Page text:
Monday, August 26, 2013

26 August

You're not supposed to add commemorations in the Pauline Rite.  Chalk one up for the traditional Roman Rite which doesn't mind commemorations and before the 1955 reforms allowed a veritable boatload of them.  Commemorations come in handy on a day like the 26th of August which in the Carmelite Rite is the feast of the Transverberation of the Heart of St Teresa shown in Bernini's well-known sculpture above.    But it's also the feast of Bl Dominic Barbieri, the Italian Passionist priest who received Bl John Henry Newman into the Church.  That's worth a commemoration for a parishioner of Bl John Henry Newman Catholic Church.

At least for a while north of the Tweed, the Pauline Rite appointed today as the feast of St Ninian, the Apostle of Scotland.  All the liturgical calendars I can find now put him back on his old feast day of 16 September.

A collect for St Teresa:

Deus, qui illibata præcordia beatæ Virginis Teresiæ sponsæ tuæ ac matris nostræ ignito jaculo transfixisti, et caritatis victimam consecrasti : ipsa interveniente, concede; ut corda nostra ardore Sancti Spiritus ferveant, et te in omnibus super omnia diligant : Qui vivis. . . in unitate ejusdem.  Amen.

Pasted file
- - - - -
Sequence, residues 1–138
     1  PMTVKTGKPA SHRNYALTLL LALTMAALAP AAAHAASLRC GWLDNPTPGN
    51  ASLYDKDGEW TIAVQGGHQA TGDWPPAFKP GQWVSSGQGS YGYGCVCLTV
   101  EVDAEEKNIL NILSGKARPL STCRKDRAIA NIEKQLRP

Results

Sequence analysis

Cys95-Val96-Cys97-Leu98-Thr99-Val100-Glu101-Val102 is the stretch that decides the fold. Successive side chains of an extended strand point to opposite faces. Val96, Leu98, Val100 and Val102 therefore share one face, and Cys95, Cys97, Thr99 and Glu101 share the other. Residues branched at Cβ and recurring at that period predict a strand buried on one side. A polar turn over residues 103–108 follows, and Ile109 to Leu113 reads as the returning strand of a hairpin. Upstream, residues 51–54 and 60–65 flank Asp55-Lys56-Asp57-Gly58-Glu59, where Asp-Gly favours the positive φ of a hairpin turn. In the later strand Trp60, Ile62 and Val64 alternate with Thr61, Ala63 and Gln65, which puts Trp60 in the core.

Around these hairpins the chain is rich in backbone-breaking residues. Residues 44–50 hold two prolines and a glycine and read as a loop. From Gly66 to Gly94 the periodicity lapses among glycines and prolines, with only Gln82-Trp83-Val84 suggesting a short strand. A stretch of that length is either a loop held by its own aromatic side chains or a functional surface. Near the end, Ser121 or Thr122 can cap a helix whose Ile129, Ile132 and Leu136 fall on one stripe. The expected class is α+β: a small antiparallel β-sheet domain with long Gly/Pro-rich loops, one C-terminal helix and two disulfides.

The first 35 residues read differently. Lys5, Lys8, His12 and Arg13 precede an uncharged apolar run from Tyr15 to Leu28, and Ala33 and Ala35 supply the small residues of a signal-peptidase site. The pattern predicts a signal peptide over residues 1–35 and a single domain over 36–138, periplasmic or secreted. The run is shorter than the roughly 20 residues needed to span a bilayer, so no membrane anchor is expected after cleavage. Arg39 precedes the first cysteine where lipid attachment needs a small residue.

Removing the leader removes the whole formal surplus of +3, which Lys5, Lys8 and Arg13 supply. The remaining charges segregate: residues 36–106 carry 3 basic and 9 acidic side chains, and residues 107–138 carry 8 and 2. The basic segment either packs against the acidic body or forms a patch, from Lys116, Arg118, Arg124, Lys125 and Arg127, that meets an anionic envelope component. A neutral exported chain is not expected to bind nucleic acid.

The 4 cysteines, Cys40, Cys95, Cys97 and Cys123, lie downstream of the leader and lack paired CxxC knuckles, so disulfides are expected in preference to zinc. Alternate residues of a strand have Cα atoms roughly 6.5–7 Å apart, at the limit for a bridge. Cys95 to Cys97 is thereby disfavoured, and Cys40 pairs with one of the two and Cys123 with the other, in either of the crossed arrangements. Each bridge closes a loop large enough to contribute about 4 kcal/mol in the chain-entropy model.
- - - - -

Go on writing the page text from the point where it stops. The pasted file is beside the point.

O God!  who hast pierced, with a fiery dart, the pure heart of the blessed Virgin, Teresa, thy spouse (and our mother), and hast consecrated her the victim of love; grant, through her intercession, that our hearts may glow with the fervor of the Holy Ghost, and that they may love Thee in all things and above all things, who livest and reignest with God the Father, in the unity of the same Holy Ghost.  Amen.
A collect for Bl Dominic:

Father, You chose Dominic as a minister of Your love so that his teaching and example helped many to find pardon and peace in the unity of Your Church.  Grant that we may follow the same way of love and so gain an eternal reward. We make our prayer through Christ our Lord. Amen.

And so long as we are commemorating, if you save St Ninian for September 16, you'll have room for a third collect.  I suggest St Bregowine, a Saxon nobleman, perhaps, and definitely the 12th Archbishop of Canterbury.